Yesterday’s excitement surrounding the prospect of an eleventh hour Brexit deal finally materialising has carried over into today, with the volatility in the pound pushing it to three-year highs.
If a Brexit deal is approved by the EU, Prime Minister Boris Johnson’s next daunting task will be passing the deal in Parliament. It seems unlikely that the deal will differ substantially from the one presented to Parliament by his predecessor, Teresa May.
That proposal failed in part due to the intransigence of the Northern Irish Democratic Unionist Party (DUP), which has consistently vetoed any deal that would establish a customs border between the islands of Great Britain and Ireland, essentially separating Northern Ireland from the rest of the EU.
It appeared that the impasse was insurmountable until the Prime Minister met with his Irish counterpart, Leo Varadkar, last week. Since then, it appears that he has softened his stance on Northern Ireland, and now appears to be willing to make concessions. Notably, the DUP has also softened its rhetoric on the issue, appearing to not rule out the idea of a customs border in the Irish Sea.
The DUP is staunchly pro-EU, but if it appears that all other parties are willing to budge on the issue, they may consider using their considerable negotiating leverage to win a massive stimulus package for Northern Ireland. Their constituents care deeply about remaining in the United Kingdom, but at a certain point the economic concerns could overcome questions of sovereignty.
Among the biggest winners today are shareholders in online retailer ASOS (LSE: ASC). The stock is up more than 23% despite reporting a significant decrease in pre-tax profits. Full-year pre-tax profits fell 68% to £33.1m. The company has issued several profit warnings over the last year, but managed to avoid doing so in this trading update, which seems to be the source of investor elation today.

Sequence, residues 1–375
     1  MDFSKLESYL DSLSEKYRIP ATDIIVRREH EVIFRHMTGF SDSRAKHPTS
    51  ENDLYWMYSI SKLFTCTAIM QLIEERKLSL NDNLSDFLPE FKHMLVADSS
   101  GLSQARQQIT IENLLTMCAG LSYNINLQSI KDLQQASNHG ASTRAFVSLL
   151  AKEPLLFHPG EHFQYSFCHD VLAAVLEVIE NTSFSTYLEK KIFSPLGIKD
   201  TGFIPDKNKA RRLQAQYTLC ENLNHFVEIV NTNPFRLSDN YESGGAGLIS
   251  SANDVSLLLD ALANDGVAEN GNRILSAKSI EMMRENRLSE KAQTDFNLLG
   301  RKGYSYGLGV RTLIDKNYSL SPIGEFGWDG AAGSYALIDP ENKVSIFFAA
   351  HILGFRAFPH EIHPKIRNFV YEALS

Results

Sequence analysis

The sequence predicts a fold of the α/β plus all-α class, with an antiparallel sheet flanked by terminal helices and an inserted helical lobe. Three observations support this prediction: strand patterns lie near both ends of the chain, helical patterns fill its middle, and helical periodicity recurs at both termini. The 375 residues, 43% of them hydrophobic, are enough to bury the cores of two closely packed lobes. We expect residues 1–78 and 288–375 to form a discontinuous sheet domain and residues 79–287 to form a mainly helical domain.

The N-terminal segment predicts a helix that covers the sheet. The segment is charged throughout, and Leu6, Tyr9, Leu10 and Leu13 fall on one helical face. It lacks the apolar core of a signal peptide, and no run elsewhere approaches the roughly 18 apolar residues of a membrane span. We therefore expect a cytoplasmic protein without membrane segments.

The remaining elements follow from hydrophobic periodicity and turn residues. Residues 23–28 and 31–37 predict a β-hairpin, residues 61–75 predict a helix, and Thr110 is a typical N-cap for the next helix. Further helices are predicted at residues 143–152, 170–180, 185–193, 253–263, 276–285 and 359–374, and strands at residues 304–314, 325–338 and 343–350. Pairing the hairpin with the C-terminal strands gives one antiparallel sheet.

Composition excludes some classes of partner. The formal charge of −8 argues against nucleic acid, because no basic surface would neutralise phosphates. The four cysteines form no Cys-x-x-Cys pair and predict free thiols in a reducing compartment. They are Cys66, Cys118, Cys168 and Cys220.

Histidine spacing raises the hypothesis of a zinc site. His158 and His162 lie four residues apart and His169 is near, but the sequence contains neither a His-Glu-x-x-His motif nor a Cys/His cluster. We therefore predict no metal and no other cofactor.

However, as reported by my colleague Paul Summers, the valuation for ASOS is still extremely high, with a forward price-to-earnings ratio of 44 even before the share price appreciation. This coupled with falling profits, makes it a questionable investment in my eyes.
Woodford Patient Capital
Yesterday was a bad day for Neil Woodford. The appointed corporate director for Woodford’s Equity Income Fund made the decision to not re-open the fund for trading and to instead begin a liquidation of its assets.
In response, shares of Woodford Patient Capital Trust (LSE: WPCT), Woodford’s other fund, fell by more than 9% on fears that a similar fate might befall it.
Today, it seems like those fears were well-founded. Shares of Patient Capital are down more than 8% today on the news that Woodford Investment Management has resigned as the fund’s manager, intensifying concerns about its future.
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Stepan Lavrouk owns no shares mentioned. The Motley Fool UK owns shares of and has recommended ASOS. Views expressed on the companies mentioned in this article are those of the writer and therefore may differ from the official recommendations we make in our subscription services such as Share Advisor, Hidden Winners and Pro. Here at The Motley Fool we believe that considering a diverse range of insights makes us better investors.